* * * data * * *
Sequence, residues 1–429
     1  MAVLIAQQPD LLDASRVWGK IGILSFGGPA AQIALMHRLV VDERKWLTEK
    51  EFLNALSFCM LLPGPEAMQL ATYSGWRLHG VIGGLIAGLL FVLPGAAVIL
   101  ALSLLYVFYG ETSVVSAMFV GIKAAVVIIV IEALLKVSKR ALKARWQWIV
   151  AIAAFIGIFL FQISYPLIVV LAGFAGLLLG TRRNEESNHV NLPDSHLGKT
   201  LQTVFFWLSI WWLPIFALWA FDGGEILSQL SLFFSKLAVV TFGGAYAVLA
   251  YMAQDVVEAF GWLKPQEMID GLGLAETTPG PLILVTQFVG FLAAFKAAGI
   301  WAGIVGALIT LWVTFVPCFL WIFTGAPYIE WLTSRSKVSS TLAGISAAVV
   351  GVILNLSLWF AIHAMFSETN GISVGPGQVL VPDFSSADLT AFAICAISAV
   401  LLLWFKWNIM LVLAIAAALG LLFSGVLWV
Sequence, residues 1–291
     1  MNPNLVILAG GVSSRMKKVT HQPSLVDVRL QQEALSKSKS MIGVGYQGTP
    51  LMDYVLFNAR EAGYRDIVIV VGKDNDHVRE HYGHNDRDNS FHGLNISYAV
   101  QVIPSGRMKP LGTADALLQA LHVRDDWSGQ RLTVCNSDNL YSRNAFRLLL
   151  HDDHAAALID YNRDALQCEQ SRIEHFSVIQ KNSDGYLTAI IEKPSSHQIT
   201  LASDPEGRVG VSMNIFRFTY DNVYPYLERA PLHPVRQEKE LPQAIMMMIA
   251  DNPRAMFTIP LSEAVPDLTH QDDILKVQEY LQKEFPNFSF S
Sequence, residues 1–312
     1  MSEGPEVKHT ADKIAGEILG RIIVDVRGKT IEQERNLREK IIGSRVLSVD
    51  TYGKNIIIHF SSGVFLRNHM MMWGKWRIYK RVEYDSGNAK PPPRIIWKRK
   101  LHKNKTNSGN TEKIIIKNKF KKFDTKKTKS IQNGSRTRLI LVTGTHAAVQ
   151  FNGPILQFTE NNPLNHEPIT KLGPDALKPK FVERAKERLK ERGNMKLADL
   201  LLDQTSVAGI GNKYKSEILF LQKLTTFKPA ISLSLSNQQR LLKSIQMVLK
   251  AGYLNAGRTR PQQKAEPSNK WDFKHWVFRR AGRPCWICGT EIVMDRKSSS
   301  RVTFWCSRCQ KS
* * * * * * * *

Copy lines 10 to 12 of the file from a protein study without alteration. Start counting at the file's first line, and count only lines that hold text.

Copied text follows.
   401  LLLWFKWNIM LVLAIAAALG LLFSGVLWV
Sequence, residues 1–291
     1  MNPNLVILAG GVSSRMKKVT HQPSLVDVRL QQEALSKSKS MIGVGYQGTP